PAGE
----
got a bit of the wood bug, and went and build a wood bench / cupboard thing for the kitchen with minimal and poor quality tools (draper contractor table saw, ryobi hand help router) - it turned out ok, so lookign to improve my skills - I'm normally a metal man - so the whole flex, bending, grain thing is a bit confusing to me!
I have tried to make a bed base for my campervan - to this end, admittedly simple design - I need to router edge (Im pretty sure thats not the right term...) the strips of 1/2" marine ply, so I have a nice round edge.
I set up my 99p ryobi router table, with said 4.99 router in it (after having replaced the made-of-chinese-cheese screws with decent 8.9 allen bolts, modified the bench to accept counterbored bolts not countersunk screws.....) with a 9mm radius rounding over bit in it - with the tangent at table level +/- 0.5mm.
I attempted to get the 'fence' (backstop thing?) level - this appears to be impossible - the left fence has an adjustement fore/aft, the right none - yet with left at minimum, the two are still 3mm or so out of line. Almost as if the minimum cut you can take is 3mm (which is obvuiously wrong...)
So - I ignored the fence settings - as the bit has a bearing on it, which prevents too deep a cut.
the roundy-ness was all over the place, despite me trying my best to keep it pushed into the bearing and the 'floor'. Said crappy table is supplied with a plastic feather finger thing, but I doubt it would make any difference?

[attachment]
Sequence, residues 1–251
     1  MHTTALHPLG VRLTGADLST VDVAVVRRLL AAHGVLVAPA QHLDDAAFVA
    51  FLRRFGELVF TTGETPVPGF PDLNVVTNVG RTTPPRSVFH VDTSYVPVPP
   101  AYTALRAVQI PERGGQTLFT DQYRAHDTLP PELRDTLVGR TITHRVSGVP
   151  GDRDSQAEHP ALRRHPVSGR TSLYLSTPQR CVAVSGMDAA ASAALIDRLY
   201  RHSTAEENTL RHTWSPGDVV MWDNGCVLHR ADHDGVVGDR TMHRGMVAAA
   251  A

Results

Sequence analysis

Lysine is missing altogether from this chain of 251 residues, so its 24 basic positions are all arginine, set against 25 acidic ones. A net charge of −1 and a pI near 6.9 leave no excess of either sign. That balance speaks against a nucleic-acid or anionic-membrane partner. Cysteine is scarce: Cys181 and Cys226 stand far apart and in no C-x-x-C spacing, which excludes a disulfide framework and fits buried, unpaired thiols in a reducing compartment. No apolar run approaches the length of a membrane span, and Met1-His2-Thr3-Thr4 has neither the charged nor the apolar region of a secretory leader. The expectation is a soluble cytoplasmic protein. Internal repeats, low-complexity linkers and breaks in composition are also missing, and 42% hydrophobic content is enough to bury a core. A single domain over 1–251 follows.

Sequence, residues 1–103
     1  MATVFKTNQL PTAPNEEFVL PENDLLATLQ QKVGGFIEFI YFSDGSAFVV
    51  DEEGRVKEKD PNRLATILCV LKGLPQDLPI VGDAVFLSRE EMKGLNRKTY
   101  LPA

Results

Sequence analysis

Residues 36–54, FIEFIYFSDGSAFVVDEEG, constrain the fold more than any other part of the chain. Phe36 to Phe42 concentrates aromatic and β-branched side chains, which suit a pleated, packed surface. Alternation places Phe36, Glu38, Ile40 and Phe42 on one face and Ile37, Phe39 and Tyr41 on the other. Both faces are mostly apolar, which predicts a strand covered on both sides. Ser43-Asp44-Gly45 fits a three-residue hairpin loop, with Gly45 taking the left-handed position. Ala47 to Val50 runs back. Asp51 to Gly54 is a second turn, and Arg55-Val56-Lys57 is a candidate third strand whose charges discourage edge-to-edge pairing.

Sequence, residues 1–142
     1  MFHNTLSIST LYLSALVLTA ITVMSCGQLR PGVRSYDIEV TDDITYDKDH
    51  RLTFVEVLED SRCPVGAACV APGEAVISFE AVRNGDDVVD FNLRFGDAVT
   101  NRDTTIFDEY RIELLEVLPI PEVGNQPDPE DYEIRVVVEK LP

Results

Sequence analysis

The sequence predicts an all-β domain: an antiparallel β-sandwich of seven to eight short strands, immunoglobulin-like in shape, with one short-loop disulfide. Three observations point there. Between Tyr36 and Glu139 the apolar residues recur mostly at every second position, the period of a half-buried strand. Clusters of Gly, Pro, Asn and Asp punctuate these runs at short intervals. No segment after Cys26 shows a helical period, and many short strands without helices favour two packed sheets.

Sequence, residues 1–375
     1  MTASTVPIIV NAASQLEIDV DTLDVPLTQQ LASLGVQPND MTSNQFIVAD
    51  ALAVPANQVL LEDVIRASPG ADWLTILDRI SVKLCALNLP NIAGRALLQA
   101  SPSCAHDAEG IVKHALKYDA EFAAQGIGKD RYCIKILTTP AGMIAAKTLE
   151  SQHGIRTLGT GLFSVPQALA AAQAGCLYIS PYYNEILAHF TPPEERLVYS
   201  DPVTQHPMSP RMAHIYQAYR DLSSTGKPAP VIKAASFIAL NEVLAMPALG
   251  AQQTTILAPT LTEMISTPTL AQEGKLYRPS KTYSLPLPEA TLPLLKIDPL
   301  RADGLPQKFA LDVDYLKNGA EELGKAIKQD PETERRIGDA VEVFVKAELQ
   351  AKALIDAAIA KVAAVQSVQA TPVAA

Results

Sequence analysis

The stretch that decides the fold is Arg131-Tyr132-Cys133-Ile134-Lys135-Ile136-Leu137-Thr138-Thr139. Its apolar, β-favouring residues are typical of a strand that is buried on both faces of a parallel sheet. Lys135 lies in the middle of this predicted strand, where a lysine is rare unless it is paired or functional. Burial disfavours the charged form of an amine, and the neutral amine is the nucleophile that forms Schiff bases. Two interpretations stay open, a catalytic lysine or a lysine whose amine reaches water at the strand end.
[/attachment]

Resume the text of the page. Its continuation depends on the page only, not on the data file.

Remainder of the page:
I have to say I have just bought an axminster AWC4 combo table thing on fleabay - I fear that my ally / tin / coke-can setup isnt really good enough - but it should handle a bit of 1/2" ply - shouldnt it?
Thanks in advance
Magazine Locator

Want the latest issue of The Woodworker incorporating Good Woodworking? Use our magazine locator links to find your nearest stockist!

Find The Woodworker inc Good Woodworking 

Latest Forum Posts
Support Our Partners
Felder UK April 2016
Wood Workers Workshop
Transwave 2017
D B Keighley
Turners Tool Box
Tool Post
D&M Tools
Subscription Offers

Subscribe to<br />    The Woodworker Magazine and receive a FREE gift

Contact Us

We're always happy to hear from you, so feel free to get in touch!

Click here to find who to contact